What We Know About The Mountain State Fair Legionnaires' Outbreak
The North Carolina Department of Health and Human Services said Thursday that hot tub displays at the Mountain State Fair in Western North Carolina are likely to blame for an outbreak of Legionnaires' disease. Here's what we know so far:
- 124 cases of Legionnaires' disease and Pontiac fever (a milder form of the infection) have been confirmed in people who attended or worked at the fair; 116 were Legionnaires while nine were Pontiac fever.
- One person has died from the illness.
- Because Legionnaires' is not contagious and the disease's incubation period of 2-10 days has now lapsed since the Sept. 15 end of the Fletcher, North Carolina, fair, officials don't expect the number of cases to grow by much.
- Symptoms of the disease, according to WebMD, often seem like the flu. Headaches, muscle pain, chills and a high fever typically are the first signs of illness. By the second or third day, those infected usually cough and have a hard time breathing. Chest pain, nausea, vomiting and diarrhea also can be associated symptoms.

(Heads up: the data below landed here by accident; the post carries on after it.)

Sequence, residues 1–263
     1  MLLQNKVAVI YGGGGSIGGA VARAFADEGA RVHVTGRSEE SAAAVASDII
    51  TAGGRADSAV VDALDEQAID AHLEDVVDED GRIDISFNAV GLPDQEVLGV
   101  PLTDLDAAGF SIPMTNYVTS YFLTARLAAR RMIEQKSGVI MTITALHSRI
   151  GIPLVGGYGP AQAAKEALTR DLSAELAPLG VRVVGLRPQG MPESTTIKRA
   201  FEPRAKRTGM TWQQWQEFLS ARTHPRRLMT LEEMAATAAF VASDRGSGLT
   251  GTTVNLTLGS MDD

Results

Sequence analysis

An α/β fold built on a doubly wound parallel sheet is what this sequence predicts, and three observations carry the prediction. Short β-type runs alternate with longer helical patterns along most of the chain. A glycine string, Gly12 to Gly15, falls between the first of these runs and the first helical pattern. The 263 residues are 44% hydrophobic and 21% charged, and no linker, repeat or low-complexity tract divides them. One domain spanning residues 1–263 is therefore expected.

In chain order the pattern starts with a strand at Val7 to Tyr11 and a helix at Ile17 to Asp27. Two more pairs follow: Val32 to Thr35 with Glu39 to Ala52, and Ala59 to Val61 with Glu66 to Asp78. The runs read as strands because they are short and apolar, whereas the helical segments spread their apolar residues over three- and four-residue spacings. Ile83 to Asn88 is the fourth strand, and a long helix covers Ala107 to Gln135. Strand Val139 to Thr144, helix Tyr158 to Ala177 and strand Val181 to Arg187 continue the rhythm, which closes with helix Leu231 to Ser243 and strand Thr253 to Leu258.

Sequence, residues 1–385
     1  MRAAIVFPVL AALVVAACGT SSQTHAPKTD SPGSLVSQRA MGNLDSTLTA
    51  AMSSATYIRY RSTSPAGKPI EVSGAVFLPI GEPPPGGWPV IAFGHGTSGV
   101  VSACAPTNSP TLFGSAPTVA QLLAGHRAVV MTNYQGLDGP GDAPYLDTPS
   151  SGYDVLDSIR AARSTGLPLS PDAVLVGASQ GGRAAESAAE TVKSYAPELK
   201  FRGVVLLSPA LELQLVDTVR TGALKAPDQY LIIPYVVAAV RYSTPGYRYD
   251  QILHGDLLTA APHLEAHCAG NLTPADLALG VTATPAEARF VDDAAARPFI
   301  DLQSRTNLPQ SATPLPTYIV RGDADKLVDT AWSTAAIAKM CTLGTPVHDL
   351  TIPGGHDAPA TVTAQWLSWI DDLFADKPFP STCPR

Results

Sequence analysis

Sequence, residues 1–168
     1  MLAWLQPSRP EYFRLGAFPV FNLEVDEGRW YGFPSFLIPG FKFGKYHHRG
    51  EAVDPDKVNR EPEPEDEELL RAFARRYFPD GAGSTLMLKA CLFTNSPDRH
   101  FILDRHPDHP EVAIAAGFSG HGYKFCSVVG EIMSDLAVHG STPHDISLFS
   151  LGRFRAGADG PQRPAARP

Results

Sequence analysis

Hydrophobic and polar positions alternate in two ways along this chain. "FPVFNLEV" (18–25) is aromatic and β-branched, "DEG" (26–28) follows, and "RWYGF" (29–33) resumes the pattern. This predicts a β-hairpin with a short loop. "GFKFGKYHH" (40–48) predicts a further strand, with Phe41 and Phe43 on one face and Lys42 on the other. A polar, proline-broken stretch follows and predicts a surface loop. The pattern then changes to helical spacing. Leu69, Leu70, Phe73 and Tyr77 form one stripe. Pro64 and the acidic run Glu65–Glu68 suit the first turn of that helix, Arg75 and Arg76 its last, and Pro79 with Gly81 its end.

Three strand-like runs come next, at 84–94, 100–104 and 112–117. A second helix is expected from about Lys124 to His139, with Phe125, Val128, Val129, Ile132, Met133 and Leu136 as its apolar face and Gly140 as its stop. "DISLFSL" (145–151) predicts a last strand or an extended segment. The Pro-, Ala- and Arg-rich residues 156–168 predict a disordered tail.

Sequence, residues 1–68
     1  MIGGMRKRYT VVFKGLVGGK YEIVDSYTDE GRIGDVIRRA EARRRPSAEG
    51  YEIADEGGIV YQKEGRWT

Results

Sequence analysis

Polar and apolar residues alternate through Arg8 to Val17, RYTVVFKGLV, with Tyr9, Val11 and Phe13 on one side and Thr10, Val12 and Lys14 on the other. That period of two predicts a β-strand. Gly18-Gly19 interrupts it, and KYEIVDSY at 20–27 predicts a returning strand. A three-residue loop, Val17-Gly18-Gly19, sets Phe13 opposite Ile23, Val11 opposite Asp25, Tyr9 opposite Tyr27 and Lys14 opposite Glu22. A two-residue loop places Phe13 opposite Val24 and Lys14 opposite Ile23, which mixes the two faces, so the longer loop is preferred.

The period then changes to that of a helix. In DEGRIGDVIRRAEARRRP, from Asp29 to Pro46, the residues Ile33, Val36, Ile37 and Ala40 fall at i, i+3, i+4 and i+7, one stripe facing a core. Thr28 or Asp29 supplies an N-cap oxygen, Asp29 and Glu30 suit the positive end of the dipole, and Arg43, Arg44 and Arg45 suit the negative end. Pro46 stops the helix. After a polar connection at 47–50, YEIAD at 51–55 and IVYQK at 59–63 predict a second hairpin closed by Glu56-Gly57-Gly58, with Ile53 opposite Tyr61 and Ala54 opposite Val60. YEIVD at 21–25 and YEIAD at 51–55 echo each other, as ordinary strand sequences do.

- The bacteria that cause Legionnaires' disease can't be spread directly from one person to another. Instead, they are commonly spread to the lungs through aerosolized water in the form of a mist or vapor.
- Confirmed cases occurred more often in people who visited the Davis Event Center at the Mountain State Fair. That building had many vendor displays, including hot tubs.
- Those who were diagnosed with the disease were more likely to have visited the building during the latter half of the fair that ran Sept. 6-15.
- In addition to finding evidence of the disease in one of two hot tub displays, health investigators found that a sink in the women's restroom also tested positive for Legionella bacteria, WUNC reported.
- The North Carolina Department of Agriculture and Consumer Services has suspended rental of the Davis Event Center "out of an abundance of caution." Additionally, the organization has taken steps to "minimize aerosolization opportunities" on the grounds.
- Water systems that have been linked to past Legionnaires' disease outbreaks include: hot tubs, hot water tanks and water heaters, large plumbing systems, cooling towers (structures that contain water and a fan as part of centralized air cooling systems for building or industrial processes) and decorative fountains.